I will always love insects, and it’s possible that someday I will incorporate them into my work again. I realized at some point that I had created these rigid thematic boundaries that my ideas had to fit within and that I was limiting my creative thinking. Right now, my challenge is to explore new artistic ideas while still creating a cohesive body of work.
When I was a kid growing up, I read too many Goosebumps books and had a massive phobia of insects especially bees and spiders. I guess it's also fair to say that the old gender-stereotype of girls being afraid of bugs is still deemed pretty culturally relevant; is there some gender protest involved in your work from that perspective?
Not a conscious one, but perhaps an unconscious one... When I was growing up my parents both thought insects were fascinating, possibly my mother more so than my father even. As I got older I became ‘the person’ that friends - both male and female - called to get a bug or spider out of their room. Most children think that anything creepy-crawly is ‘neat’; it's as they grow up that the girls are culturally conditioned to be afraid and the boys to not show fear.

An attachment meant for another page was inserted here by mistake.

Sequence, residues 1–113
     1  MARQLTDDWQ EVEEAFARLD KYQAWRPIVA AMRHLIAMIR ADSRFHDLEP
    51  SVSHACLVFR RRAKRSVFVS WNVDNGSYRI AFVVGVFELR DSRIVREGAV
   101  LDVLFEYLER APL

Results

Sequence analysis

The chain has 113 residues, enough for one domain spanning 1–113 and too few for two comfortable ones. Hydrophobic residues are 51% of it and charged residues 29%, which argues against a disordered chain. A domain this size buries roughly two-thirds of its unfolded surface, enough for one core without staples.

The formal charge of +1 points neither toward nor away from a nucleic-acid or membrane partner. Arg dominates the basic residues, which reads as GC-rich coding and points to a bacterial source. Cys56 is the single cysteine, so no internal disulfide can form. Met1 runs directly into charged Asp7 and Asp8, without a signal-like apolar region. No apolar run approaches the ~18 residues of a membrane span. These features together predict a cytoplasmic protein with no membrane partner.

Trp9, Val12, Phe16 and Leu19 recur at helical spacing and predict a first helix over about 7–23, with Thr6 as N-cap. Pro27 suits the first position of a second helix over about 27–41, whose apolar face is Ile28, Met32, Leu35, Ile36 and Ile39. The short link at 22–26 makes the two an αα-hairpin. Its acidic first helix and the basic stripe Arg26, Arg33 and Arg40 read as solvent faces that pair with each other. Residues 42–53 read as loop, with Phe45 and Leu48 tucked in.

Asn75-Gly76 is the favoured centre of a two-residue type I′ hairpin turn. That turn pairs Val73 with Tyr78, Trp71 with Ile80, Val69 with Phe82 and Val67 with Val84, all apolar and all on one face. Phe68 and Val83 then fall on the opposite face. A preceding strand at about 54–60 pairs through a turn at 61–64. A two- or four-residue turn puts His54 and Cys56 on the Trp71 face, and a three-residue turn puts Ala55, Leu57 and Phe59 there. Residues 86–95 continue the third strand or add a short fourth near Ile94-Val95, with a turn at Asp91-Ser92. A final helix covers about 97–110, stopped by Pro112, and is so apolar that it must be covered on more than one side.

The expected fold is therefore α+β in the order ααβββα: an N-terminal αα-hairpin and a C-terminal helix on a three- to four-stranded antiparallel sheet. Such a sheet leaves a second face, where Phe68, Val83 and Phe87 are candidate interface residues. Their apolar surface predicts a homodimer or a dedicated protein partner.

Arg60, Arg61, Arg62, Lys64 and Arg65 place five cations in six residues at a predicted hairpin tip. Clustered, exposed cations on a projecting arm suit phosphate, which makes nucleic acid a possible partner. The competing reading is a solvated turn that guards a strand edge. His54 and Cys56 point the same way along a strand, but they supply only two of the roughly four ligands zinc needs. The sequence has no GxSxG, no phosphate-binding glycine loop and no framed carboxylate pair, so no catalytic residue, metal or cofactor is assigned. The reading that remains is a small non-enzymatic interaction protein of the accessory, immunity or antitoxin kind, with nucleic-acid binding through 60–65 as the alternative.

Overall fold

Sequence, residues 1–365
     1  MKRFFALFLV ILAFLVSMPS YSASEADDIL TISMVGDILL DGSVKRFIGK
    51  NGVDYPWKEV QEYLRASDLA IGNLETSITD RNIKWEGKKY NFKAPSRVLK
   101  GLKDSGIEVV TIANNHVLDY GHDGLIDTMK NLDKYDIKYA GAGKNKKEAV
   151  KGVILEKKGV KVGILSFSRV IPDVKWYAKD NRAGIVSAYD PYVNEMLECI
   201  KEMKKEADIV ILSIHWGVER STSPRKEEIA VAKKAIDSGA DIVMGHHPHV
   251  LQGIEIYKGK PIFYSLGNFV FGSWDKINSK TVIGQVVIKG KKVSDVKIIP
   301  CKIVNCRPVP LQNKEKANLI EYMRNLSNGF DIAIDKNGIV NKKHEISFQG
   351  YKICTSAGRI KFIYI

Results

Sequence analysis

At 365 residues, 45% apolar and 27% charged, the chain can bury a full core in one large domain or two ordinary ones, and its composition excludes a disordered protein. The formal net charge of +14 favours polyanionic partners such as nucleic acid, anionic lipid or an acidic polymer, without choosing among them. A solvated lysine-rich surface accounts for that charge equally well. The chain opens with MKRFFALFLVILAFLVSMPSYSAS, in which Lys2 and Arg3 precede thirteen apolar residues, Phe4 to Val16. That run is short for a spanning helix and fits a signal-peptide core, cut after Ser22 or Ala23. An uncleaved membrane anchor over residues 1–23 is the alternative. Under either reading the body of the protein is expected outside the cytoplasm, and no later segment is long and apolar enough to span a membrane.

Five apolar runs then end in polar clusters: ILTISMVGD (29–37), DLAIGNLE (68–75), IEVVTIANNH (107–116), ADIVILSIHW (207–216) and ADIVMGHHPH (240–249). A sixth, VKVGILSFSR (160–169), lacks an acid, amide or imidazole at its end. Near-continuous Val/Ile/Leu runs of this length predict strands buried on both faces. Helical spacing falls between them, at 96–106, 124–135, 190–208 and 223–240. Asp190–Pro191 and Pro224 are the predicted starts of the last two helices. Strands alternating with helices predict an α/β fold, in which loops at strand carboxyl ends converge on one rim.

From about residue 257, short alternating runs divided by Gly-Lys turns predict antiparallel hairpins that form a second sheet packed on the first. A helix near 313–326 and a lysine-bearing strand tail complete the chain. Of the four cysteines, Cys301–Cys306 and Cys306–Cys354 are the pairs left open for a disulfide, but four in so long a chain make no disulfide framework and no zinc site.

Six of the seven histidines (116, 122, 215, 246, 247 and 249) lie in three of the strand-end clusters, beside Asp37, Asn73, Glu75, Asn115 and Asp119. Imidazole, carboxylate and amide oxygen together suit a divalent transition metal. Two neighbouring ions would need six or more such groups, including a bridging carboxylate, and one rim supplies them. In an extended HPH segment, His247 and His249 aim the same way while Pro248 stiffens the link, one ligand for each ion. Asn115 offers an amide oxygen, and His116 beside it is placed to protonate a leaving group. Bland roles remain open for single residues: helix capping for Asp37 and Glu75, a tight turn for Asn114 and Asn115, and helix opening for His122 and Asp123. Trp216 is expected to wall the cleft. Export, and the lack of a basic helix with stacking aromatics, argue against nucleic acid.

Flora Dentata (Tooth & Nail), 2005. Human nail clippings and milk teeth.
Speaking of fear, your 2009 piece Flora Dentata used human nail clippings and baby teeth to make an elaborate floral piece. It looks like ivory, except obviously I know it’s made from human sheddings. How did you find people's reaction to the work? Why do you think people (myself included) find the medium so stomach-churning? I mean, after all it's just teeth and nails...
I am always surprised by how disturbed people are! The comparison you make to ivory is an interesting one; people are much less viscerally revolted by ivory even though it requires killing the animal it came from. We cut our nails and throw away the trimmings weekly, and exchange our baby teeth under our pillows to a mythical creature for a quarter (or probably more now, I think even the Tooth Fairy is subject to inflation), yet so many people find it so much more upsetting. My only theory is that we are evolutionarily programmed to associate any part of a human taken out of the context of ‘the whole’ with peril, since in many cases it would indicate harm.
Has this pricked your fancy? You can find out more about Judith's work at her website.